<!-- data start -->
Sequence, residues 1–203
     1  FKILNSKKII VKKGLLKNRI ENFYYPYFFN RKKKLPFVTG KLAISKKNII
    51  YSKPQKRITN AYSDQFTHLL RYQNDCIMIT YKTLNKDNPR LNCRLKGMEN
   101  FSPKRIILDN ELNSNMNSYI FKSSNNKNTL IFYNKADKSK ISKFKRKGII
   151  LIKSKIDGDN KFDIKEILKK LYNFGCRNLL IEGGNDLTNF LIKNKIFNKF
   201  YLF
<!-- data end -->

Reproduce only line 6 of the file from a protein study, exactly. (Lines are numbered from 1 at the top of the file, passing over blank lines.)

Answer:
   201  YLF